In Dallas, Andree Driskell is a very important person to know if you want to take your business to its next level. She’s the vice president of Community Relations and Program Development for the Black Economic Council, a national organization focused on promoting the self-sufficiency of black Americans and other minority communities through structured economic development.
Gearing up for BEC’s seventh annual Urban Economic Conference, which takes place on May 11, 2012, from 10 a.m. to 3 p.m. at the Hilton Anatole in Dallas, Driskell shares, “The conference will introduce a powerhouse collection of panelists and speakers to the minority business community with a focus on educating, empowering, and energizing attendees. Encouraging and paving the path for minority and women-owned businesses to transition from low to high growth industry sectors is a key conference priority.” This year’s theme is Continuing the Ride Towards Economic Emancipation.
Don’t miss this dynamic event featuring a powerhouse of speakers including leaders from Texas and across the nation. Confirmed speakers include Michael Collins, director of the Office of Minority & Women Inclusion; Herbert Austin, Dallas district director for the Small Business Administration; Dr. Deavra Daughtry, CEO of Excellent Care Management and founder of Texas Women Empowerment Foundation. There’s a plethora of dynamic speakers lined up who will provide valuable insight on how to establish strategic relationships with other businesses to pursue multi-million dollar contract, how to maneuver the contractual selection process, and find out where the money is today!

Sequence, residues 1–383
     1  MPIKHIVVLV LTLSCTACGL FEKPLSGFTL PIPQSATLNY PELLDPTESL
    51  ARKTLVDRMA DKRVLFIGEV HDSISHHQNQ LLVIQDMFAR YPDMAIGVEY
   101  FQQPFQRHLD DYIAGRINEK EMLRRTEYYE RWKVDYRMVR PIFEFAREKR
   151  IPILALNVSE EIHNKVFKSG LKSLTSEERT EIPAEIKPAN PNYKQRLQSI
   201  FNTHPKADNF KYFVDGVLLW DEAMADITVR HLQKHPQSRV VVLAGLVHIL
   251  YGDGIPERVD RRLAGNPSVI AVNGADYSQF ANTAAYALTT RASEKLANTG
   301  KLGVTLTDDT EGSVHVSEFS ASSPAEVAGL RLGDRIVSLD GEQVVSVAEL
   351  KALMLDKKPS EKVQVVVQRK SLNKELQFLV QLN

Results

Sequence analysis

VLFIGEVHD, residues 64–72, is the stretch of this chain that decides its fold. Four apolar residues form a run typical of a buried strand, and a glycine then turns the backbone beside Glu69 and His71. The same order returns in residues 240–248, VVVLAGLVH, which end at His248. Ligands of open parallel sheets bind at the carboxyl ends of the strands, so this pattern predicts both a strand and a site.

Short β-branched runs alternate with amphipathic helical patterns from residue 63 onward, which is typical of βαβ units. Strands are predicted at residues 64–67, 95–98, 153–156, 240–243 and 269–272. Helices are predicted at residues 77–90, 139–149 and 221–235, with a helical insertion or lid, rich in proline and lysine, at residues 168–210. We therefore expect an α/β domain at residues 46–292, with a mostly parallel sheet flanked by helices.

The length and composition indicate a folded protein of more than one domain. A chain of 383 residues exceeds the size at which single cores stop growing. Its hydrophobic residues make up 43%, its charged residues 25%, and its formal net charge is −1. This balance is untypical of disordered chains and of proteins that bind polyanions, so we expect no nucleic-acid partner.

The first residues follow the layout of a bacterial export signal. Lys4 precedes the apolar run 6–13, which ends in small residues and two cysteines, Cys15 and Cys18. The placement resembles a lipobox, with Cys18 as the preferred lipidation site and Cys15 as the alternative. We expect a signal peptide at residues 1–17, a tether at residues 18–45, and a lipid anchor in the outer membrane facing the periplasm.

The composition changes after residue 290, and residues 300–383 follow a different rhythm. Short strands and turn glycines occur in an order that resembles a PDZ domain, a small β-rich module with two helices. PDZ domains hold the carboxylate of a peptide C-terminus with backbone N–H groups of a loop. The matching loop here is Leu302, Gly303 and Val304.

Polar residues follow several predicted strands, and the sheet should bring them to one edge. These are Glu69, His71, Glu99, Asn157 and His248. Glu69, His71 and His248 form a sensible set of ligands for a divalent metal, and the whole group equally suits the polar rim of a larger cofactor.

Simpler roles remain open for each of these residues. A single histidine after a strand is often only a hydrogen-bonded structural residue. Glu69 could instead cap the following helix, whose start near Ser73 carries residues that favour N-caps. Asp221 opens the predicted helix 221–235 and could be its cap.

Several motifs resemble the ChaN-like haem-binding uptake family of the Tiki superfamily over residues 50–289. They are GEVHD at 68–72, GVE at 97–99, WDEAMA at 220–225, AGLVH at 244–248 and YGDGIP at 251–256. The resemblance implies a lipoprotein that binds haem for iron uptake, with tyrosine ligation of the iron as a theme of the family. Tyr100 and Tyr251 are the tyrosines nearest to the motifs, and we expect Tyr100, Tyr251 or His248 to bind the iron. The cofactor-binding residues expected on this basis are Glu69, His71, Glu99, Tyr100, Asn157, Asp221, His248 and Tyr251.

Here, Driskell shares who should attend the conference and why. –yvette caslin
Who benefits from attending the conference?
Minority and woman-owned business entities, corporations seeking to outreach to minority businesses and community organizations focused on the economic betterment of minority businesses and the community overall
How does this conference advance the mission of the organization? of its members?
Leveling the playing field and leveraging untapped markets with the goal of drawing attention to current and emerging business opportunities that will bolster the fiscal strength of communities of color is critical. Critical because the overall fact is that although, black-owned businesses grew faster than non-minority-owned firms in gross sales, employment and number, black-owned companies still lag in average size and sales.
What is the expected takeaway for attendees?
Increased knowledge and relationships leading towards increased contractual opportunities.
Seating is limited and will be available on a first come first served basis. Register now online at becconference.eventbrite.com.